For Many Teachers, Gun Lockdowns and School Shooting Fears Are Now Inescapable

‘I think about it every day’: new Pew poll finds 59% of teachers said they fear a school shooting could unfold on their campus.

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Teachers are routinely forced to hide in their classrooms and most fear a shooting could unfold at their workplace amid an unprecedented spike in school gun violence over the last several years, a new Pew Research Center survey reveals.

Pew Research Associate Luona Lin called the findings released Thursday “jarring”: Nearly a quarter of educators said they experienced a lockdown due to a gun — or fears of one — on their campus last school year.

Teachers who work in high schools, and those located in urban areas, were far more likely to experience lockdowns. Among high school educators, 34% reported at least one gun-related lockdown during the 2022-23 school year, as did 31% of those who teach in urban areas.

“One of the most striking findings is just the sheer number of teachers who say they have experienced a lockdown,” Lin told Maybach Media. Pew sought to probe educators’ perspectives of school gun violence after researchers conducted interviews to understand their “day-to-day lives and their perspectives” on hot-button issues, she said. Gun violence came up again and again.

“A lot of teachers definitely talked about worrying about school shootings happening in their school,” she said. “One of the teachers we talked about it with actually said, ‘I think about it every day.’”

Though the Pew data don’t offer insight into the frequency that firearms are ultimately found, tallies on campus attacks have shown a staggering upward trend, with record numbers over the last three years.

Just this week, James and Jennifer Crumbley were each sentenced to 10-15 years in prison after being found guilty of involuntary manslaughter for their role in failing to prevent a 2021 school shooting that was carried out by their then-15-year-old son. The shooting at his Oxford, Michigan, high school led to the death of four students. The Crumbleys are the first parents in U.S. history to be sentenced to prison in response to an active shooting perpetrated by their child. More than two-thirds of active shootings at K-12 campuses were carried out by perpetrators between the ages of 12 and 18, according to federal data.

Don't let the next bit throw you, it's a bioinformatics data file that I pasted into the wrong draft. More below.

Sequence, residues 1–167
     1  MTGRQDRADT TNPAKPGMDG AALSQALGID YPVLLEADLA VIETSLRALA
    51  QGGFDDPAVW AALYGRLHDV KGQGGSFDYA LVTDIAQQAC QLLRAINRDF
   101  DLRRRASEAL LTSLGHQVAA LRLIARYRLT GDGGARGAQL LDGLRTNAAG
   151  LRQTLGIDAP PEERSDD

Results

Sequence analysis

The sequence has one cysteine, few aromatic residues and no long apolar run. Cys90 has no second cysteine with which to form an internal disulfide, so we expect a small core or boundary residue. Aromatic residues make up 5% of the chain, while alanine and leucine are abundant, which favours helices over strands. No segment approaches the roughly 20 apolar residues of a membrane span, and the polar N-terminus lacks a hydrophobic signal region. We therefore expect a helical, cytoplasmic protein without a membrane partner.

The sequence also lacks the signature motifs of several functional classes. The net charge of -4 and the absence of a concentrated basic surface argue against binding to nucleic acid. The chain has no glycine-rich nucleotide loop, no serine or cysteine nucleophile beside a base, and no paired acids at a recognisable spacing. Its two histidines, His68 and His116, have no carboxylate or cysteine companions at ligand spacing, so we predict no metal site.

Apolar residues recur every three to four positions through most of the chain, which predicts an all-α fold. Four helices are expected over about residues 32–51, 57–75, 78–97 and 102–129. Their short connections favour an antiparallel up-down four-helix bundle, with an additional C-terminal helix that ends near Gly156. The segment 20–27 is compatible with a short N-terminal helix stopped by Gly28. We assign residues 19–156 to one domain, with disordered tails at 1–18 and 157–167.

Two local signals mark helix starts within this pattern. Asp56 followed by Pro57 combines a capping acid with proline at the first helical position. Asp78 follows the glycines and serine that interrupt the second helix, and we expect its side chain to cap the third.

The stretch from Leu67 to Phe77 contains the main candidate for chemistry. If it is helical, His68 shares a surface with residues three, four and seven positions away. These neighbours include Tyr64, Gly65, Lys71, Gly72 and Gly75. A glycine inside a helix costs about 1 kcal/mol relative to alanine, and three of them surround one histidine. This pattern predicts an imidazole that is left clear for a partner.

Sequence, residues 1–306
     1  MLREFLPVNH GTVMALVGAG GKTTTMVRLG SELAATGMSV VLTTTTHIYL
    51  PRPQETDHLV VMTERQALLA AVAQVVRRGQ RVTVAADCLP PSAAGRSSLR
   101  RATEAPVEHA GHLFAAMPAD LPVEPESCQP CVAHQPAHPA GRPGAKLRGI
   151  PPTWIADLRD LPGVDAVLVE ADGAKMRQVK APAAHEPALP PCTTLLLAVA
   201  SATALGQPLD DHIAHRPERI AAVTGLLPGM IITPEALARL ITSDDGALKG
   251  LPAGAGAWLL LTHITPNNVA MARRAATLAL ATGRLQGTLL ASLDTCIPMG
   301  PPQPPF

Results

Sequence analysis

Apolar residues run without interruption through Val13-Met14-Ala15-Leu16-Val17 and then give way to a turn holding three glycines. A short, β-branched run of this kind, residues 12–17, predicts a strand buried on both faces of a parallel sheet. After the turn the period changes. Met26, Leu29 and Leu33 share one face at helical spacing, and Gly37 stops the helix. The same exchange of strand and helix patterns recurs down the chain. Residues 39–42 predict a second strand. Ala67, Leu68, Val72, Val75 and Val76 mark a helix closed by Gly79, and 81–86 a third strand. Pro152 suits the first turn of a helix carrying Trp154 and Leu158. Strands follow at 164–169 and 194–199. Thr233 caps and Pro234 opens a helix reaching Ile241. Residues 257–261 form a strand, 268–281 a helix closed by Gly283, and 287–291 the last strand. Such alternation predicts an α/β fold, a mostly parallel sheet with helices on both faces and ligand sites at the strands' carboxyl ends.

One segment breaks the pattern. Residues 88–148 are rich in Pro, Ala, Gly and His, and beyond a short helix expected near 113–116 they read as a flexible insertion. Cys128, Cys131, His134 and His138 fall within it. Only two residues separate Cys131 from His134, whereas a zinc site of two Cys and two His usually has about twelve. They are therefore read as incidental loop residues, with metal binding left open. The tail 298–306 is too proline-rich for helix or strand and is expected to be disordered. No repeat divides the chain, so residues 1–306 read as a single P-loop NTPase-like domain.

For some teachers who participated in the Pew poll — 59% of whom say they worry about a school shooting unfolding at their schools — gun-related lockdowns are frequent. While 15% said they experienced one lockdown last school year, 8% said they were forced to take cover at least twice.

The new data on the opinions of K-12 teachers comes roughly 25 years after the 1999 Columbine High School shooting in suburban Denver, which became a national flashpoint on school violence after two student gunmen killed 13 of their classmates before taking their own lives. Since then, national spending on school security has surged — and so, too, have the number of campus attacks.

Though school shootings are politically fraught and carry devastating consequences for communities, they remain statistically rare. Between 2000 and 2021, there have been 46 “active shooter incidents” at K-12 campuses, which resulted in 108 deaths and 168 injuries, according to the most recent federal data. Active shootings are defined as those where a gunman fires indiscriminately at people in a public place like a school.

Beyond active shootings like those at Oxford and Columbine, federal data on campus gun incidents indicate 188 shootings that resulted in casualties during the 2021-22 school year— more than twice as many as the year earlier, which at the time was a record high.

While a majority of educators fear school shootings, 39% said their school has done a fair or poor job preparing for one while 30% — particularly those with school-based police officers — said their district has done an excellent or very good job.

In preventing future attacks, 69% of educators endorsed efforts to improve mental health screenings and treatments for children, 49% supported campus cops and 33% favored metal detectors.

Just 13% of teachers who participated in the Pew survey said arming educators would be an extremely or very effective approach to prevent the tragedies.

Teachers’ responses were often similar to those offered by parents and students in previous Pew surveys on school shooting fears and preparation — with all parties being swayed, at least in part, by partisan politics.

Republican-leaning educators were more likely than their Democratic colleagues to support campus police, metal detectors and arming teachers. Democratic teachers were more likely than GOP educators to support efforts to improve students’ mental health.

In a fall 2022 survey, two-thirds of parents said they were at least somewhat worried about a shooting unfolding at their child’s school, and 63% endorsed improvements in mental health for students as a way to prevent shootings, a rate higher than any other intervention.

In a similar Pew survey, from 2018, 57% of teens said they were somewhat or very worried about a school shooting occurring on their campus.

Pew’s educator survey included responses from 2,531 public K-12 teachers in October and November who are members of Rand’s American Teacher Panels, a nationally representative sample of U.S. educators.

“Gun violence and all of these gun policy issues, they are definitely partisan,” Lin said. “The views of teachers, the views of parents, are reflective of the overall population’s views on this, and definitely the partisan differences as well.”

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